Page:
Pizza Community Week: Meet the Muntains
Here’s a holiday story from the winners of this year’s Saputo Foodservice Pizza with Purpose award
The Muntains, recipients of the 2013 Pizza With Purpose award, are a fine example of a pizzeria that gives back. Let’s revisit their story.
It is rare that we get the incidental opportunity to share a Christmas story with you so fittingly in our December edition. But this year the Muntain family has given us one that could warm even the most bah-humbug of hearts.
|Daytona, Lloyd, Tara and Rachael Muntain inside their TJ’s Pizza franchise in Melfort, Sask. Photo by Rachel Enge|
The sound of jingle bells starts in Melfort, Sask., a community of around 6,000 people that is nicknamed the “City of Northern Lights” for how frequently the aurora borealis can be seen in its sky. It’s a neighbourly place, one where “you walk down the street and you don’t pass two people without saying ‘hello’, or ‘hey, how’s your Mum,’ ” described Tara Muntain, matriarch of the local family-run TJ’s Pizza franchise. The Port Hope, Ont., native said she loves this about her adopted hometown.
Tara and her husband Lloyd haven’t always been Melfort’s prized pizza family. Prior to buying a TJ’s Pizza franchise in 2009, Tara was a restaurant manager and Lloyd drove a truck. Before that, and long before they built a reputation as a business the community could count on, the Muntains were a local couple with a very sick little girl, and in need of Melfort’s help.
Their eldest child, Daytona, was 18 months old when younger sibling Rachael came into the world. When Rachael was just hours old, she was airlifted from Melfort hospital to the Royal University Hospital in Saskatoon. Doctors discovered that Rachael had transposition of the great arteries, a rare but serious congenital heart defect that required open-heart surgery. As soon as the baby was helicoptered away, the Muntains got in their car and headed for Saskatoon.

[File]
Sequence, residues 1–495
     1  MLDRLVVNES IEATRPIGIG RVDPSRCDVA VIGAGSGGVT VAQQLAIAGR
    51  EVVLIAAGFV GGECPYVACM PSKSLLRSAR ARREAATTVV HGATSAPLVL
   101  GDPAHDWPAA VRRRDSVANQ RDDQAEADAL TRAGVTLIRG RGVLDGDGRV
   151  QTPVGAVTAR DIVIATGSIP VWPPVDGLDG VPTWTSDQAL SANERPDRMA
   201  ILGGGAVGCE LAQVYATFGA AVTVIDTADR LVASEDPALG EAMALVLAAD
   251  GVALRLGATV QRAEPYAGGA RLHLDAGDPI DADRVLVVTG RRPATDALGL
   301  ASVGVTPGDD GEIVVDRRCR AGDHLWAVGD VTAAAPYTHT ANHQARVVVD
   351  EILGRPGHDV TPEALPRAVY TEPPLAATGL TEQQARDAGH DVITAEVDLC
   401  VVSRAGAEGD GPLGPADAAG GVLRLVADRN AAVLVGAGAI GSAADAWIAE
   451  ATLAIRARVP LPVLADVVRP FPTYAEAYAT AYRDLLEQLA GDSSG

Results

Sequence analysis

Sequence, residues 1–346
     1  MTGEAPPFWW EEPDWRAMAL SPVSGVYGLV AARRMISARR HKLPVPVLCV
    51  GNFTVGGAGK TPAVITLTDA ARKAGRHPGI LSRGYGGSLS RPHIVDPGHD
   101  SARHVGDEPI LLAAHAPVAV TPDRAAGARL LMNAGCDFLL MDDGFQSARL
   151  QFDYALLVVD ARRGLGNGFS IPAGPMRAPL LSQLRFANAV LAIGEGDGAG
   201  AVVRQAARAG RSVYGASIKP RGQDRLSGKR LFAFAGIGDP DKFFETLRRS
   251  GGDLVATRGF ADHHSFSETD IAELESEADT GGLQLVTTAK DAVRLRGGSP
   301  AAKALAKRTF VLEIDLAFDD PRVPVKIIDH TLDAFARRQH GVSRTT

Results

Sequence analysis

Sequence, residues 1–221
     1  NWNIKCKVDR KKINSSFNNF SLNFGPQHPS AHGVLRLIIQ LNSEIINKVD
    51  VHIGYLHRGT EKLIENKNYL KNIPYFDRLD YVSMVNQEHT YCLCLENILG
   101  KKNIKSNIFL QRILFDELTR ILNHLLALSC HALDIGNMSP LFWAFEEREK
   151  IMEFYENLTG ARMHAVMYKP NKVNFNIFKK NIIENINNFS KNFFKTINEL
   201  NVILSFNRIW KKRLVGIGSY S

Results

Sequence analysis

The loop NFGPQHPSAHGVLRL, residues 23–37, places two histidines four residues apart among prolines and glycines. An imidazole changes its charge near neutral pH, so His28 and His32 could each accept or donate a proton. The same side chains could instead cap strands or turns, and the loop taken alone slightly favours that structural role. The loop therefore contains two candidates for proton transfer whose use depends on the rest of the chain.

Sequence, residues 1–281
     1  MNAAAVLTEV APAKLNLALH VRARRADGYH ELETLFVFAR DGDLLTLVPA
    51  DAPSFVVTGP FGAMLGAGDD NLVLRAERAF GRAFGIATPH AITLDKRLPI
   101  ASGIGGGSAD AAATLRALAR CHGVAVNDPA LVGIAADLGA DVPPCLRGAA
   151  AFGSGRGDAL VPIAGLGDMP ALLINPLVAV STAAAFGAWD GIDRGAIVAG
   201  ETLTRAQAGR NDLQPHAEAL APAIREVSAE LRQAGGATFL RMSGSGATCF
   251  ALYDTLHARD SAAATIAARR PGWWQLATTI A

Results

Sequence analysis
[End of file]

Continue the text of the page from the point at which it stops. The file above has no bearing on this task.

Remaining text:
“It’s about a two-hour drive and I don’t think we breathed the whole way there,” recalled Tara, the stress of the event still present in her voice. “We were in Saskatoon for six weeks.”
Tara’s mother was able to help with the care of Daytona, but in the meantime the Muntains were not working because they were at the hospital full time. Household bills and the costs of staying in Saskatoon were far from top of mind, but still a stark reality. When a few of their friends who owned businesses did something as simple as put a jar on the their counters with a note describing the family’s situation, the community responded with donations. One good friend who was part of the Melfort Kinsmen submitted an application to the TeleMiracle Kinsmen Foundation, which is an organization that strives to serve the greatest needs of residents in Saskatchewan communities. TeleMiracle answered the call for help, and ended up covering the cost of the Muntains’ stay at Ronald McDonald House and providing assistance with daily meals.
“TeleMiracle is near and dear to our hearts and it’s one of the reasons I’m a Kinette now, and have been for several years,” said Tara. “It’s nice to be able to give back to that.”
TJ’s Pizza was a major sponsor of the Kinette/Kinsmen TeleMiracle Cabaret held last January that raised over $16,000. The family donated a portion of their February sales to TeleMiracle and for the first time were able to rally the other TJ’s franchisees to do so as well, resulting in a $6,000 donation from the whole franchise.
The pizzeria held its second annual pizza-eating contest this year, which raised over $1,700 in 25 minutes for TeleMiracle. The first competition was inspired by a hot dog-eating contest Tara and Lloyd had seen. They surfed the web to find rules and regulations, added some of their own, and hit the town looking for businesses willing to sponsor an employee. The couple were crossing their fingers, since the idea was a first for Melfort and their timing was January, when the post-Christmas wallets tend to snap shut. As it turned out, the worry was for naught, as the community response was great enough that at least one business ran an internal competition to see who among its employees would be sponsored for the event. The first winner was a very slender accountant who “totally blew the other guys out of the water,” said Tara.
“It was so much fun! I don’t think I’ve laughed so hard in my life.”
The Melfort legion donated its hall to this year’s event, which brought out cheering spectators and added competitors from places as diverse as the RCMP and the local high school. “It’s just a community minded thing,” said Tara. “It was really cool; the cat’s meow.”